"People Decide Who Governs, Not A Court Ruling"

PM Ralph Gonsalves

Prime Minister Dr Ralph Gonsalves says it is the people who are eligible to vote in democratically held elections that determine who should be their parliamentary representatives, not Court hearings.

He expressed that view on radio Friday morning, while reacting to the judgement delivered by Justice Esco Henry on the election petitions brought before the Courts by the Opposition New Democratic Party to go forward.

Gonsalves said this is just another step in a legal process and the judgement does not affect the functioning of the government in any way.

“We have Justice Cottle who said the petition was defective and could not be cured; he came to a conclusion in the law different than Justice Henry”.

“I do not want people to be going about saying the law is an ass, am just saying that two Judges have held a different position on precisely the same legal matter”.

Gonsalves told listeners that Senior Counsel Anthony Astaphan had written to the Chief Justice to empanel a different court of appeal to review the court of appeal judgement concerning a waiver on the apparent bias issue.

“Remember they had gone and they had ruled that  Justice Cottle has a clear basis, the court of appeal went out of their way to say it does not mean there any real basis; it was an apparent bias”.

“But Astaphan had argued before the courts that even if you had claimed that there be a clear basis, the lawyers for petitioners had gone along with the proceedings and had explicitly said they had every confidence in Justice Cottle hearing the matter”.

“In other words, they went along with everything, and having lost they tried for want of a better word, a forensic and judicial ambush”.

Gonsalves said Astaphan had asked for that aspect to be reviewed by another empanel court of appeal; he noted the matter is currently before the Chief Justice.

Gonsalves said the written Judgement had not been given yet, but when in hand the government lawyers will study the document and advised accordingly.

The Prime Minister further stated that the lawyers are also in consultation with another lawyer Senior Counsel Douglas Mendes of Trinidad and Tobago.

“So this is just another judicial moment in an ongoing legal battle, in all of this the people must remember there was a government that was duly elected, Caricom, OAS and Commonwealth observers said the election results reflect the will of the people”.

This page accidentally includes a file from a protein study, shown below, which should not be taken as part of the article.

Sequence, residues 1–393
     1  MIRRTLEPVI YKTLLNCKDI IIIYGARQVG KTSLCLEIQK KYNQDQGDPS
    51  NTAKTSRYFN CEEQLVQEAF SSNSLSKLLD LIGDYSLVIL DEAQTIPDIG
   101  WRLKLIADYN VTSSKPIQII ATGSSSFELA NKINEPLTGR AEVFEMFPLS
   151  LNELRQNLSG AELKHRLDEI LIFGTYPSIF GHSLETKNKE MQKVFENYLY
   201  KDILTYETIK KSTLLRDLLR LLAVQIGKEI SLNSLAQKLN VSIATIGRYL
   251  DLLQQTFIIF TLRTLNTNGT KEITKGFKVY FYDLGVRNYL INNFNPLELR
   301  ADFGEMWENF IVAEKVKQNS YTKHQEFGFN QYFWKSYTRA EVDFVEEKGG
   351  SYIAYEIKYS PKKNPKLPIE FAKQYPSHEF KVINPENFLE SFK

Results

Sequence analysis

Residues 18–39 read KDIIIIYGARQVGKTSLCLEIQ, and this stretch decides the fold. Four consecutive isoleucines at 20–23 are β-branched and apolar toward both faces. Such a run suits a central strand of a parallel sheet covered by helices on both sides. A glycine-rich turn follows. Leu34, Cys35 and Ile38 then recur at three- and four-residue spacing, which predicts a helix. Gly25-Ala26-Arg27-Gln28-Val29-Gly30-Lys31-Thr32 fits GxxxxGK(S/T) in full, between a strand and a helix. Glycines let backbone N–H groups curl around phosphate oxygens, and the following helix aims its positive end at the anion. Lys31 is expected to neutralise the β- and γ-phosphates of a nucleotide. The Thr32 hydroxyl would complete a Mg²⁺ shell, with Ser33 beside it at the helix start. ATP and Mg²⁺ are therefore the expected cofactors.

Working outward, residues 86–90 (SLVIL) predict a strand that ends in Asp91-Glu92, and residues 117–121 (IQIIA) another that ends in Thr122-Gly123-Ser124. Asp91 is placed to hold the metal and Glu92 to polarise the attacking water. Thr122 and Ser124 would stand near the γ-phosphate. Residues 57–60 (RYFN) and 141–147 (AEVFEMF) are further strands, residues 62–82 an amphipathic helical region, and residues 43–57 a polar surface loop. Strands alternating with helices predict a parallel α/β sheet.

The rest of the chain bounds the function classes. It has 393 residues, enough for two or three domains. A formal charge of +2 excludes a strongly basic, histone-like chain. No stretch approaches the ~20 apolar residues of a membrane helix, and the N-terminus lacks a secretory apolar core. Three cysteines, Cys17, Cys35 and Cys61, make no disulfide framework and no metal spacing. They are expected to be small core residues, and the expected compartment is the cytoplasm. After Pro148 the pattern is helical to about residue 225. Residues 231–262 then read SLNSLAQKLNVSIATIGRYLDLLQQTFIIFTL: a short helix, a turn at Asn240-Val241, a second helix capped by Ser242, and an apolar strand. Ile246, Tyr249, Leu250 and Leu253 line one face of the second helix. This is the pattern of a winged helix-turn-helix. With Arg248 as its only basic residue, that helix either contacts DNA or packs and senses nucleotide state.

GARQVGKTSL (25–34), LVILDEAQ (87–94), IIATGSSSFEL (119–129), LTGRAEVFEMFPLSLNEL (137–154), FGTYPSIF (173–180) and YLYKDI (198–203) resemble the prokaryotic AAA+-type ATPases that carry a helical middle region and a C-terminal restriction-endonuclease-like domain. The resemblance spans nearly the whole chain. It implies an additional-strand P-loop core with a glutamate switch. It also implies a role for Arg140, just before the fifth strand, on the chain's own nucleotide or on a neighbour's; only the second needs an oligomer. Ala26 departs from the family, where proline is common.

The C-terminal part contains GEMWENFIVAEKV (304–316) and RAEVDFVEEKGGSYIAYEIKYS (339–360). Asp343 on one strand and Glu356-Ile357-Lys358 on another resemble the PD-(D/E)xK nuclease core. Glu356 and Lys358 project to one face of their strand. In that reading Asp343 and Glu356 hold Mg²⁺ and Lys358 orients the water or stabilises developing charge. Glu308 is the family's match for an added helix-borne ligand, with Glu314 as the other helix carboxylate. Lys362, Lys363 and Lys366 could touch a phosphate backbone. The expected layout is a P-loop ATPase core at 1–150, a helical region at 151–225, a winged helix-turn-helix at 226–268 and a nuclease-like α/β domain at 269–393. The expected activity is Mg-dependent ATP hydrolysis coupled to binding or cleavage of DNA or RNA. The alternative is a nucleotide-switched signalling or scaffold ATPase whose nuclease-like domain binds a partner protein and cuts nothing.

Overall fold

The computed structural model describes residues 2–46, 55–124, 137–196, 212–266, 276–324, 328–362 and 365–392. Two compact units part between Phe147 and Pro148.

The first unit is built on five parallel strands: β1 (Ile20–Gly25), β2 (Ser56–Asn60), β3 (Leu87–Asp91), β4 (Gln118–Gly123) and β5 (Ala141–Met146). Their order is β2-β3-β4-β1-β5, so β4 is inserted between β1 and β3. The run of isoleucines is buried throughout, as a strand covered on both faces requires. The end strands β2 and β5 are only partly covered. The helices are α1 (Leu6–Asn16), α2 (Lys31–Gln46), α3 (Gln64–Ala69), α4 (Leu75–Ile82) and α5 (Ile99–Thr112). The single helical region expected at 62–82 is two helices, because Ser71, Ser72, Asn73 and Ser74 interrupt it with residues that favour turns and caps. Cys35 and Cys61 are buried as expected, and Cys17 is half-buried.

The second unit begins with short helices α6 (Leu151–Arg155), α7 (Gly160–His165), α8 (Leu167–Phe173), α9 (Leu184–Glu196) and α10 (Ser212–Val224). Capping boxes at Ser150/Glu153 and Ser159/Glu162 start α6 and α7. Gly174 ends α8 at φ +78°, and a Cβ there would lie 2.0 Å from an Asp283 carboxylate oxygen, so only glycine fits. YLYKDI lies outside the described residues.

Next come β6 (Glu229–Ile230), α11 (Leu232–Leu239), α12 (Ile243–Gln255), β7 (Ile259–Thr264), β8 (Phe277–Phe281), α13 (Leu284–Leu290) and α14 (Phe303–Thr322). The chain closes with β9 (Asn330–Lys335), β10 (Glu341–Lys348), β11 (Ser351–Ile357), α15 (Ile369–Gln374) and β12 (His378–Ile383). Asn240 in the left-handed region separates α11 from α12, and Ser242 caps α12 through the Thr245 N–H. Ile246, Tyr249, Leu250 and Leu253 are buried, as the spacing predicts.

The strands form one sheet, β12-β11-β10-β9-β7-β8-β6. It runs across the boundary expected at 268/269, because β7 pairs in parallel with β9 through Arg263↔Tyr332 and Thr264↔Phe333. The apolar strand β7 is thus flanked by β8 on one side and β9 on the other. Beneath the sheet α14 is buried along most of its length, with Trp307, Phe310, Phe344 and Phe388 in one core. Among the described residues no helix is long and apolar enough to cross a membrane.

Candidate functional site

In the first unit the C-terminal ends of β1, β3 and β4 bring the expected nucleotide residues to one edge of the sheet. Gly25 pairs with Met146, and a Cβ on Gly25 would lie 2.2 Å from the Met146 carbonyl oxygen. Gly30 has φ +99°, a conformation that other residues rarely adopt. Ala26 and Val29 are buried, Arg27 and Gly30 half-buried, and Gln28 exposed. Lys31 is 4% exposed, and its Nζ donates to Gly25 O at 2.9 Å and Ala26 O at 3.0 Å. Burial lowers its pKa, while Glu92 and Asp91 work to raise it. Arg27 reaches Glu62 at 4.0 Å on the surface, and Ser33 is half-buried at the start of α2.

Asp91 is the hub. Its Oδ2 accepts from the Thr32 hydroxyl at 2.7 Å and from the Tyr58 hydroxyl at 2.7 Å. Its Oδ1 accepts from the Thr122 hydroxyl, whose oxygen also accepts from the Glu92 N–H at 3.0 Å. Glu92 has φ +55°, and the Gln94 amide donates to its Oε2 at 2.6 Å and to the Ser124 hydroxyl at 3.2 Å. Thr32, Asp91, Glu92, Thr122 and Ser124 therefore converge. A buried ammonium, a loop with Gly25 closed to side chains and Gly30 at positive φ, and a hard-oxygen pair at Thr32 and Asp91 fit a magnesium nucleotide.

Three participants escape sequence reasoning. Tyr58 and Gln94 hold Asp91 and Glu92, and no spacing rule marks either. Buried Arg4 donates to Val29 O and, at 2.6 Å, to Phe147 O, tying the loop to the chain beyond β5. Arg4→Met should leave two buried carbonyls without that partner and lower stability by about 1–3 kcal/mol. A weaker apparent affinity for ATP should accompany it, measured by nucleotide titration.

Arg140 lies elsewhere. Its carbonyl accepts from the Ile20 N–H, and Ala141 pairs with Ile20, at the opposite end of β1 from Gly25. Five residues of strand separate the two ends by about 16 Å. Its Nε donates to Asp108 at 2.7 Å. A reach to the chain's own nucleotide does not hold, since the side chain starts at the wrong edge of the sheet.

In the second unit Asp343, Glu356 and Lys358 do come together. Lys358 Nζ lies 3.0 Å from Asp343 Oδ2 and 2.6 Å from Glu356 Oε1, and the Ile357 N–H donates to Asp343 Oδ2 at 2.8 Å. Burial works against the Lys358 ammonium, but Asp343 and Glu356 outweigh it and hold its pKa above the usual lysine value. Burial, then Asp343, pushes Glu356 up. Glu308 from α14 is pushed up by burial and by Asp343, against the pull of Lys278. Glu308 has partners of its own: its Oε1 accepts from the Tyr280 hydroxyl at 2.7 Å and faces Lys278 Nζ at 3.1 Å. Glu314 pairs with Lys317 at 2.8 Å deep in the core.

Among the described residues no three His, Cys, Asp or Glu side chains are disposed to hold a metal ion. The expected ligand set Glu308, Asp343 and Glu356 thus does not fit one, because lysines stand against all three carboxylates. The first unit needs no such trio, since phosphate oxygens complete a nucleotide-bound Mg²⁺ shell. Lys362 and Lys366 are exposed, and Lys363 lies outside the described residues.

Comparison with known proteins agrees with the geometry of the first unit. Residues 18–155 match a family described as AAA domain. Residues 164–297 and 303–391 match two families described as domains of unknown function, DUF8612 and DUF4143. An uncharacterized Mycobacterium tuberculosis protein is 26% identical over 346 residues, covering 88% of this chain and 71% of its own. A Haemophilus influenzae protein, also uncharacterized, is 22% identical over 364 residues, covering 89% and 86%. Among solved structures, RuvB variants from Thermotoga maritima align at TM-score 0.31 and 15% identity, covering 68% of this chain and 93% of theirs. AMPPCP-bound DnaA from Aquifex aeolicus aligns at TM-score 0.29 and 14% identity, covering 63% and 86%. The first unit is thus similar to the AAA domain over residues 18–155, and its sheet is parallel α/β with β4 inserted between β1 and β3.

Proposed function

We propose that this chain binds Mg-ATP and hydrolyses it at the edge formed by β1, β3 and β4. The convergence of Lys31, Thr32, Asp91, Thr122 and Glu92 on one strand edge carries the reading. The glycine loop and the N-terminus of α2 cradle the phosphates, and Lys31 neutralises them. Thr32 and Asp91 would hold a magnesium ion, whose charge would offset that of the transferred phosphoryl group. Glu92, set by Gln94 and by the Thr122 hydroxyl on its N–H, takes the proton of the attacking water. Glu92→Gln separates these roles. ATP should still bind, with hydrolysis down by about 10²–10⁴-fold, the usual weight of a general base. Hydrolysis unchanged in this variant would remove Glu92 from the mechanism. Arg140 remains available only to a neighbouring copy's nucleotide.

Gonsalves said it is not the first time we have legal challenges to elections; peopledo that all the time. However, it is becoming the catch of the day.

He says while the law is necessary, it is important to recognise representative democracy.

“The courthouse does not determine who represents you, people who serve you are those whom people voted for in an election, and there will be other elections in SVG, whether before or at the time constitutionally due in 2020”.

“Judges do not decide who your representatives are; I just want the people of the SVG to recognise this”.

“All am saying, there is confusion about the law, which should be a very straightforward matter, but two judges come to conclusions on the law diametrically opposed, and that cannot be an end to the matter”.


  1. Hmmm, maybe the prime minister should say the same thing about Venezuela, where the courts there have invalidated the will of the people on many occasions…

  2. According to the government’s lawyer, Anthony Astaphan, their appeal of this decision to the Eastern Caribbean Supreme Court of Appeal may be rejected for hearing. I assume that this may be because the justices may argue that the substantive issues of the case should now be heard and that this particular appeal should be set aside pending an adverse outcome of the case against government.
    If I am correct, the PM may simply pull the plug and call a general election knowing that an adverse decision in the case — that the ULP, using their surrogate Winston Gaymes and others, deliberately stole the election in Central Leeward and North Windward– may cost him his grip on power, even though it would be hard for the NDP to prove that there was theft as opposed to gross incompetence in printing, securing, and counting the ballots, the latter trait of generalized ignorance being inherent in our Caribbean civilization — a trait these West Indian lawyers-cum-jurists all too aware of — and hence insufficient grounds for overturning the election results.

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